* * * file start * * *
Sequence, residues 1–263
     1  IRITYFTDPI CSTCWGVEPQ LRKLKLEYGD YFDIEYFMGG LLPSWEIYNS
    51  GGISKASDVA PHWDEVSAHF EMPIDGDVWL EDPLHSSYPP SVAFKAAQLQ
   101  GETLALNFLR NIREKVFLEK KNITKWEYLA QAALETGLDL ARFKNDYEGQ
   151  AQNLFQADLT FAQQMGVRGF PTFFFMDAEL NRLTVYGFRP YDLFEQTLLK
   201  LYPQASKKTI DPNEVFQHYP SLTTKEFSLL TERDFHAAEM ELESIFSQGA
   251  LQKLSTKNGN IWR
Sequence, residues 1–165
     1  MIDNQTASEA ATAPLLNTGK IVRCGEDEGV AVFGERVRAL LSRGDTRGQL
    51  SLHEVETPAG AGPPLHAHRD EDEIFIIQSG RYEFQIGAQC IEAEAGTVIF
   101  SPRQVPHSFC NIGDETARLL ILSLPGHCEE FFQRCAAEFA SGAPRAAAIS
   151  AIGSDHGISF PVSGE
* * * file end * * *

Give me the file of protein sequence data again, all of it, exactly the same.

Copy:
Sequence, residues 1–263
     1  IRITYFTDPI CSTCWGVEPQ LRKLKLEYGD YFDIEYFMGG LLPSWEIYNS
    51  GGISKASDVA PHWDEVSAHF EMPIDGDVWL EDPLHSSYPP SVAFKAAQLQ
   101  GETLALNFLR NIREKVFLEK KNITKWEYLA QAALETGLDL ARFKNDYEGQ
   151  AQNLFQADLT FAQQMGVRGF PTFFFMDAEL NRLTVYGFRP YDLFEQTLLK
   201  LYPQASKKTI DPNEVFQHYP SLTTKEFSLL TERDFHAAEM ELESIFSQGA
   251  LQKLSTKNGN IWR
Sequence, residues 1–165
     1  MIDNQTASEA ATAPLLNTGK IVRCGEDEGV AVFGERVRAL LSRGDTRGQL
    51  SLHEVETPAG AGPPLHAHRD EDEIFIIQSG RYEFQIGAQC IEAEAGTVIF
   101  SPRQVPHSFC NIGDETARLL ILSLPGHCEE FFQRCAAEFA SGAPRAAAIS
   151  AIGSDHGISF PVSGE